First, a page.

Gainesville’s burlesque scene strives for weirdness and inclusivity.

Photos by Jordanne Laurito and Hannah Phillips.


It’s a chilly December night, but Loosey’s is hot. Faces are flushed with alcohol, and seats are packed tight. Latecomers hurry inside, careful not to let the cold in. Suddenly everyone’s shedding layers: jackets are sprawled over the backs of chairs, and a corset lays discarded on the stage. This is Guilty Pleasures, Breakaway Burlesque’s December Show.

Burlesque is a performance art. Think cosplay meets striptease. Ornate costumes help performers tantalize and titillate as they explore stereotypes and push boundaries. They accomplish all of this while finding interesting and unexpected ways to remove their clothes.

Gainesville’s burlesque scene began in 2013 when Sally B. Dash created the Mischievous Madams. Three years later, Florence Rosé’s sister troupe, Breakaway Burlesque, joined the fold. Together, the two troupes are about 20 performers strong. Rather than compete, the three groups often share the stage and cheer each other on from the audience.

These performers have built Gainesville’s burlesque scene into what it is today: Empowering, hilarious and sexy.

The individuals who make up Gainesville’s burlesque scene do more than strip on stage. Each is responsible for creating their costumes: elaborate compositions of pasties and panties, and wildly decorated corsets. Many performers work multiple jobs to afford what can be hundreds of dollars in material. Story continued on page 26.

Burlesque can be isolating work due to the prejudice surrounding it. One performer sought to keep her involvement a secret from her family, and succeeded for about 10 months before an ex’s Facebook photo gave her away. Another said she faces criticism for being a mother and burlesque performer.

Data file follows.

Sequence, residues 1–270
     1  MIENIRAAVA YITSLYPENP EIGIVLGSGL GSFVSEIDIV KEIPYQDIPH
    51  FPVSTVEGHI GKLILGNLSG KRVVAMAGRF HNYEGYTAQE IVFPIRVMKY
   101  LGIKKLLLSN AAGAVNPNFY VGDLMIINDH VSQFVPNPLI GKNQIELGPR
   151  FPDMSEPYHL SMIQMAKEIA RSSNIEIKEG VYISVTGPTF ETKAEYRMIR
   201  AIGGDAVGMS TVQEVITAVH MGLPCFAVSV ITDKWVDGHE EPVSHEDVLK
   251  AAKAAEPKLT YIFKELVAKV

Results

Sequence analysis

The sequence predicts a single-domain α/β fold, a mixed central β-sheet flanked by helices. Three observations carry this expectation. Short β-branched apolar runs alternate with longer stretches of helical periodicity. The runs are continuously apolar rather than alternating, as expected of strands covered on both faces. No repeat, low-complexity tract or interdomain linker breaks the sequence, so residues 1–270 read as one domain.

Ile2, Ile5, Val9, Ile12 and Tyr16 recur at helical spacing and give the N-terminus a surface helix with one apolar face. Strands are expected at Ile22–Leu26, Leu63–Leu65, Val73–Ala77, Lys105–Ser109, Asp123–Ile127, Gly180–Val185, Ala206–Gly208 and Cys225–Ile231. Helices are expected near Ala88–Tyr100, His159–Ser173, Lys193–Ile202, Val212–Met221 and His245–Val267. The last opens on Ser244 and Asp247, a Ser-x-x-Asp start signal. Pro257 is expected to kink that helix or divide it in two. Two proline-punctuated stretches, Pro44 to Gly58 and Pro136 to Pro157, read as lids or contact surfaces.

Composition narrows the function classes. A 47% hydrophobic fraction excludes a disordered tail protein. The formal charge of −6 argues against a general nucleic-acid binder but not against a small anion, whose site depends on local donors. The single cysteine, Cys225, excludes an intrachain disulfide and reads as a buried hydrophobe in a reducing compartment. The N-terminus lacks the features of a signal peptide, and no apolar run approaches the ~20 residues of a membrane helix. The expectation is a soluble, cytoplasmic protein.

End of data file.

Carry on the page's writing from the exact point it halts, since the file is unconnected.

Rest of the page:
Those who do choose burlesque do so simply because they love it. Rosé said they love the intimate connection between the audience and performer that nakedness entails.

Burlesque’s appeal is often thought to be for the male gaze, but that isn’t the case in Gainesville. Many performers identify as LGBT.

“We’re all a little queer,” Dash said.

In June 2016, the two burlesque troupes formed an alliance with Downtown Drag, a group of local drag queens, and held their first performance in downtown Gainesville.

Now, Dash said, there isn’t a burlesque show without a drag queen in the audience, or vice versa.   

Despite efforts towards inclusivity, the burlesque scene still has room to grow as the audience, troupe managers, rising performers and veterans are all consistently white.

Phoenix Midnight, a member of the Mischievous Madams, is north Florida’s only black burlesque performer. 

“Burlesque is a safe space,” Midnight said, “as long as you’re white.”

Midnight said it’s lack of visibility that keeps black women from engaging the scene.

Troupe managers Dash and Rosé aim to address this problem by bringing in established performers of color from outside of Gainesville. They are eager to mentor every driven performer interested in joining their community and hope to see more diversity among their troupes. A show promoting newcomers in the community will take place on March 10 at the Hardback Cafe, produced by Dash.

“I was very fortunate to have opportunities to get started,” Dash said. “Now I want to pay that forward and give new people the platform to show us their stuff.” •


1. Dash, producer of Mischievous Madams, brushes the curls of her wig backstage before a performance at High Dive.

2. Dash tightens Rosé’s corset backstage before a show at High Dive. “Yes, Daddy, harder!” Rosé moaned, prompting laughter throughout the room.

3. Betty Shiraz emcees at the Burlesque Against Humanity show in downtown Gainesville. When she takes the stage, she asks, “Who’s your host-ass with the most ass?” To which the audience replies, “You bet your ass it’s Betty Shiraz!”

4. On stage, Dash is known as the Countess of Caricature for her heavily character-driven acts. “I love that title because it really fits my style and my background in comedy and theater,” Dash said.

5. Rosé, the producer of Breakaway Burlesque, performs in a risqué cosplay of  Kylo Ren from “Star Wars” during a show at the High Dive. 

6. Formaldehyde Flower shimmies as she strips. Flower is known for her gothic-inspired costumes; the troupe calls her “our Spooky Sweetheart.”

7.  Rumor Hasset performs “Suppertime” from “You’re a Good Man, Charlie Brown” during a show at High Dive. She collected tips from the audience in a makeshift dog food bowl.

8. Jenny Castle performs Miley Cyrus’s “Wrecking Ball” while assuming the dual personalities of Smeagol and Gollum. Castle received a standing ovation, and reminded the audience that burlesque is as much about comedy as it is about sexuality.